**Coulomb**– the unit of electric charge**Insulator**– a substance in which electricity does not flow**Conductor**– a substance in which electricity flows**All static charge lies on the**– outside of a conductor**Static charge on a conductor accumulates**– where the conductor is more pointed**Coulomb’s law**– force equals charge 1 times charge 2 divided by 4 pi epsilon distance squared**Relative permittivity of a medium**– permittivity divided by the permittivity of free space**Electric field**– a region of space where a static charge experiences a force due to its charge**Electric field line**– a line drawn in an electric field showing the direction of the force on a positive charge**Electric field strength**– force / charge = charge divided by 4 pi epsilon distance squared**Unit of electric field strength**– Newton / Coulomb or Volt / metre**Potential difference**– work done in moving +1C of charge in an electric field**Unit of potential difference**– Joule / Coulomb = Volt**Electric current**– flow of electric charge**Potential at a point**– potential difference between a point and the earth**All points on a conductor carrying static charge**– are at the same potential**Capacitance**– charge divided by voltage**Unit of capacitance**– Farad**Farad**– Coulomb divided by Volt**Capacitance of parallel plates**– permittivity times area divided by distance**Energy stored in a charged capacitor**– 0.5 times charge times voltage squared**The size of an electric current**– the amount of charge passing a point in one second**Conventional current**– flows plus to minus**Sum of currents flowing into a junction**– equals the sum of currents flowing out of the junction**Potential difference**– energy converted or work done when a charge of one coulomb is moved in an electric field**Electromotive force**– sum of all voltages around a complete circuit**Voltages in series**– V1 + V2 + V3**Voltages in parallel**– V1 = V2 = V3**Primary cell**– a cell which cannot be recharged**Secondary cell or accumulator**– a cell which can be recharged**Simple cell**– two different metal plates placed in an electrolyte**Resistance**– voltage divided by current**Unit of resistance**– ohm**Ohm’s law**– voltage divided by current is constant at constant temperature**Resistors in series**– R total = R1 + R2 + R2**Resistors in parallel**– inverse of total resistance equals sum of inverses of resistances**Resistance of a metal**– increases linearly with temperature**Resistance of a semiconductor**– decreases non linearly with temperature**Thermistor**– semiconductor resistance decreases rapidly as temperature increases**Resistivity**– resistance times area divided by length**Unit of resistivity**– ohm metre**Balanced wheatstone bridge**– R1 / R2 = R3 / R4**Potential divider**– gives any voltage from zero to the voltage supplied**Heat energy from electric current**– current squared times resistance times time**Electric power**– current squared times resistance**Chemical effect of electric current**– electric current can cause chemical change**Chemical changes**– chemical changes can give electric energy**Copper anode**– copper metal dissolves to give copper 2+ ions and 2 electrons**Copper cathode**– copper 2+ ions gain 2 electrons to form copper metal**Ion**– atom or molecule which has lost or gained one or more electrons**Charge carriers in an electrolyte**– positive and negative ions**Charge carriers in metal**– electrons**Charge carriers in semiconductors**– electrons and holes**Applications of chemical effect**– electrolysis electroplating extraction of ores purifying metals electrolytic capacitors**Live wire**– voltage varies from + 325 volts to – 325 volts**Neutral wire**– voltage about zero when device off**Earth wire**– safety wire connecting metal parts of device down to ground in case of accident**Ring circuit**– power fed along both sides of the ring to the sockets**Switch always connected in the**– live wire**Fuse**– a piece of wire which melts when a certain current passes through it**Fuse always connected in the**– live wire**MCD miniature circuit breakers**– contain a bimetallic strip and an electromagnet**MCD bimetallic strip trips**– small current**MCD electromagnet trips**– large current**RCD residual current device trips**– difference between current in live and neutral exceeds a given value usually 30 millAmps**RCD residual current device trips**– very quickly and so protects against electrocution**Bonding**– all metal water pipes in a house must be connected to earth**Kilowatt hour**– the amount of energy used by a 1000 Watt device in one hour**MCD miniature circuit breakers work**– contacts pulled apart when a specific current is exceeded**Kilowatt hour in joules**– 1000 Watts times 3600 seconds equals 3.6 Megajoules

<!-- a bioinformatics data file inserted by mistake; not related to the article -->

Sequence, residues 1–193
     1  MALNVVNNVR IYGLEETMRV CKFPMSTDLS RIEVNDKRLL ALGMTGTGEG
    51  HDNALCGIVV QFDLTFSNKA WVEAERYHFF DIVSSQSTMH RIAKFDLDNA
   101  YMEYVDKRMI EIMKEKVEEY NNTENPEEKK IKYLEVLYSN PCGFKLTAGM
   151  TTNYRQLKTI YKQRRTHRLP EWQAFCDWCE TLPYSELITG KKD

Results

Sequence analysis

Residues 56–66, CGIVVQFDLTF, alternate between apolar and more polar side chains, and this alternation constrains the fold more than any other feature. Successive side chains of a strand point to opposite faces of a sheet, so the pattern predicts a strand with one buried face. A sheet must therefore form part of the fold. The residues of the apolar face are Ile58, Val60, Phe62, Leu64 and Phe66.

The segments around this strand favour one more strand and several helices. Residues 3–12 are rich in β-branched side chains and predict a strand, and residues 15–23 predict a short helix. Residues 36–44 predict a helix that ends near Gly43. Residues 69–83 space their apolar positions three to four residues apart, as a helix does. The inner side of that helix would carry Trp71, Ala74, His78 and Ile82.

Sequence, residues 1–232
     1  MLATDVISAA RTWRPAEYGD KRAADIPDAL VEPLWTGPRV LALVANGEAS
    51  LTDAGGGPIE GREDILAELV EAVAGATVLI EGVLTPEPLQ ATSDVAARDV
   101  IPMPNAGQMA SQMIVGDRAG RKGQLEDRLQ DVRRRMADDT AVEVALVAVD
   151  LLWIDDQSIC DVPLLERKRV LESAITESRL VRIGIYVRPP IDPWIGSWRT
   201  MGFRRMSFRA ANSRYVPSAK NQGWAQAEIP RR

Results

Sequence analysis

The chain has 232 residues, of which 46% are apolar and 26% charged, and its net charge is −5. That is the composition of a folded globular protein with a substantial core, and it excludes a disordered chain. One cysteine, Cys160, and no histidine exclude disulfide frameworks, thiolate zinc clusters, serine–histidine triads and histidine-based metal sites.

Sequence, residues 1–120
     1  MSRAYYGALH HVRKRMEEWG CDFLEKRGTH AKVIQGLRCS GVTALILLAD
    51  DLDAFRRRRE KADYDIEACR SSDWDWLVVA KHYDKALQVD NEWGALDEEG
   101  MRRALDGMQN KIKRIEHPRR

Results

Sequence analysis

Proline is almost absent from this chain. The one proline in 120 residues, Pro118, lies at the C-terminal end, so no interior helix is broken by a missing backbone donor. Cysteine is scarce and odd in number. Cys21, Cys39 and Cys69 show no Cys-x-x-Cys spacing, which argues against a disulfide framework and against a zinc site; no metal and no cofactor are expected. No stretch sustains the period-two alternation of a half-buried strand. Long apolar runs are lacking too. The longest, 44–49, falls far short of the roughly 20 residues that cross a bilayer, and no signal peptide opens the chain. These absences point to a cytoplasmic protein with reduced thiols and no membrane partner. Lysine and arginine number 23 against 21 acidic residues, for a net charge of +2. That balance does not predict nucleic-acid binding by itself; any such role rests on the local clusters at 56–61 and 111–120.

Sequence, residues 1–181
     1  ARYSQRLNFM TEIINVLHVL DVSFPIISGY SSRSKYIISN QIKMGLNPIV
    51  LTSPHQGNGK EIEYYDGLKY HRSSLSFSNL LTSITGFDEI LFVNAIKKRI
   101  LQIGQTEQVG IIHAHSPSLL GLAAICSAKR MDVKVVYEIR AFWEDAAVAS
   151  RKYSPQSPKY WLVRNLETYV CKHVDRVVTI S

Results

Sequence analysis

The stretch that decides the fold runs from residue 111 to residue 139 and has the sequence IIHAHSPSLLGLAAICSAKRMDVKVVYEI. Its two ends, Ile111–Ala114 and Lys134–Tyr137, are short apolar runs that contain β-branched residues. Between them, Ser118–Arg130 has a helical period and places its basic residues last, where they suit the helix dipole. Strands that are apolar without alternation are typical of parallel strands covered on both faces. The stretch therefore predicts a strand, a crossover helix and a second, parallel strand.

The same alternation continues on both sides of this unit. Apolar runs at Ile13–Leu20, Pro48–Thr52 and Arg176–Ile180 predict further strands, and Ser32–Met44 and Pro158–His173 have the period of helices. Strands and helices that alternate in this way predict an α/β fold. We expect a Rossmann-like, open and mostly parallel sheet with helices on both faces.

**Did this raise a question for you?**Get involved in the discussion.